The Comfort of Lies

I’m welcoming another brand new TBYL Reviewer today, Katie Haden. Katie is a fellow book-lover, adores the classics and can’t wait to tell us all about how she’s reading differently with TBYL.

Today Katie is sharing her thoughts on the recently released The Comfort of Lies by Randy Susan Meyers (Allen and Unwin)…

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I’ll admit, when I started reading The Comfort of Lies by Randy Susan Meyers, I was a bit sceptical. I’m not a huge fan of traditional ‘chick lit’ and I tend to stick to the safety of the classics. But… if you’re like me, have no fear: in this novel Randy Susan Meyers takes you on a journey that is so personal and intriguing you won’t want to put the book down.

comfort of liesSet in Boston and surrounds, the book is as much a story of the city and its history as the people that call it home. Three women, from different areas, backgrounds and lifestyles are drawn together as the result of an affair six years ago. Tia is young, and gave up her daughter for adoption after having an affair with Nathan. Caroline, a doctor is the adoptive mother of Tia’s daughter, and doubts her ability or love for motherhood; and Juliette is Nathan’s wife, who discovers the truth about Tia and sets out to uncover all the facts.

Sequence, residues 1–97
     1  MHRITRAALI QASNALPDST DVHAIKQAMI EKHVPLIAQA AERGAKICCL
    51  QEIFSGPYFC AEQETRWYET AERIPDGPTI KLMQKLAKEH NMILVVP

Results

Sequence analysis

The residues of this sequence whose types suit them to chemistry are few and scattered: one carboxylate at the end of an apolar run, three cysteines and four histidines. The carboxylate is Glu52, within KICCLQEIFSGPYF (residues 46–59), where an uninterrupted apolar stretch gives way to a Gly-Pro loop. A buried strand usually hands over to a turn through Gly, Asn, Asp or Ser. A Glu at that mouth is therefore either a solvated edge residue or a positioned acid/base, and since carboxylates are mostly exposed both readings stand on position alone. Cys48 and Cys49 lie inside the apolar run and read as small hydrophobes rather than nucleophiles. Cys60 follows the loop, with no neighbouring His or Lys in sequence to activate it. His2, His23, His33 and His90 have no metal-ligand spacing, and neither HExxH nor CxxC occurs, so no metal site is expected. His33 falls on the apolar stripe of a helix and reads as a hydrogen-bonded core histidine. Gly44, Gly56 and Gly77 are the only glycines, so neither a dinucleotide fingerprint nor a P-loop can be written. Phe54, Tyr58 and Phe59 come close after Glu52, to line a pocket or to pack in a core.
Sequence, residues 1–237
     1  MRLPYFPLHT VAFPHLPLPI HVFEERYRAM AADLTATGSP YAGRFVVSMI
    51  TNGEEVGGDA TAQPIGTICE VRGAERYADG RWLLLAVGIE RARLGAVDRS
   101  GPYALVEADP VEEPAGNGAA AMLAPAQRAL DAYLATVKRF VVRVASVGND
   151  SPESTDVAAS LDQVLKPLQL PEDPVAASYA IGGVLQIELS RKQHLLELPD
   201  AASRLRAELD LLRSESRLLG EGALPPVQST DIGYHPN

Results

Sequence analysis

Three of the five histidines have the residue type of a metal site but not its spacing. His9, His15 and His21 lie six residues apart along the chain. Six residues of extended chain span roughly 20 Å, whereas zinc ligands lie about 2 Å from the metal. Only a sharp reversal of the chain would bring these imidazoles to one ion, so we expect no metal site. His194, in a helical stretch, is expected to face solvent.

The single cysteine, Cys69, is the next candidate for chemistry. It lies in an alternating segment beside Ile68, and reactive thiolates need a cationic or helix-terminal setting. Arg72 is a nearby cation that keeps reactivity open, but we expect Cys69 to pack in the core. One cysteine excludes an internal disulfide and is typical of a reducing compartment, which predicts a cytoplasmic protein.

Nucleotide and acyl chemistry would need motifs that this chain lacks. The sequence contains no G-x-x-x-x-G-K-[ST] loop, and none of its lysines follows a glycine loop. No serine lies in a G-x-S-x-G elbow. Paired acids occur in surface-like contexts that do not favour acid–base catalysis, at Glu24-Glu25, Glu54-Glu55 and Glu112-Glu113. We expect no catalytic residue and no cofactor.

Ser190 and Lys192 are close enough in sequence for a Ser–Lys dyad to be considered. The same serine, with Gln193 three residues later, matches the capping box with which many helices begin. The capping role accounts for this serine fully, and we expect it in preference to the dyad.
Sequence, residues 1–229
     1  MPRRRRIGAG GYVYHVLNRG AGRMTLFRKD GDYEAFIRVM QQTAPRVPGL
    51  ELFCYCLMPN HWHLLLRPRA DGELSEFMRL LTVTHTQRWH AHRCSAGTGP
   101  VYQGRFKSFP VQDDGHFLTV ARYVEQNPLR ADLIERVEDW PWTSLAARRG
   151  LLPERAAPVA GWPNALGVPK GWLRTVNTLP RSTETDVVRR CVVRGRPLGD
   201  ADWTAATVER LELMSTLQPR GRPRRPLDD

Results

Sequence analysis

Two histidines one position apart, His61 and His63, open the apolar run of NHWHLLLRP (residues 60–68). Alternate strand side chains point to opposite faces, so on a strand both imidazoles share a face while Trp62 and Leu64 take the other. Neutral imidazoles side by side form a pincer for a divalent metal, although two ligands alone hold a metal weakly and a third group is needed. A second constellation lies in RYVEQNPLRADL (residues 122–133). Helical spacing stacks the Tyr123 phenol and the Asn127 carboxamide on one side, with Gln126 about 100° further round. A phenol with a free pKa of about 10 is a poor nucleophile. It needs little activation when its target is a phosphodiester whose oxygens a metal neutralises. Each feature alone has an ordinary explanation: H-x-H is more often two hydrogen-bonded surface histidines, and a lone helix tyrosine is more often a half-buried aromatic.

All three women have different stories to tell. Some readers have said that when reading this book, they didn’t understand the point of view of one, or even two of the characters, but I loved all of them. They gave me a chance to see the same situation from three very different perspectives. I personally loved the character of Caroline, because she represented a voice that is often drowned out or too scared to speak up: the woman who isn’t sure about her instincts. Offering a unique perspective from the eyes of an adoptive mother, Meyers tackles the challenges of motherhood and work, and the guilt that sometimes comes from trying to choose both. Juliette similarly has to make decisions about her home life in order to fulfil the role of what she sees as the ‘perfect wife and mother’, while Tia must confront her past in order to move forward.

Overall, I think Meyers is showing the reader how deciding to tell little lies to protect people may at times be the right decision, whereas in other circumstances it may prove to be the worst possible course of action. All three main characters lack confidence and this in itself is one of the greatest challenges they must overcome. The Comfort of Lies has a powerful message about finding your voice and sharing a truth that should definitely be heard.

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If you’d like to find out more about The Comfort of Lies by Randy Susan Meyers visit here…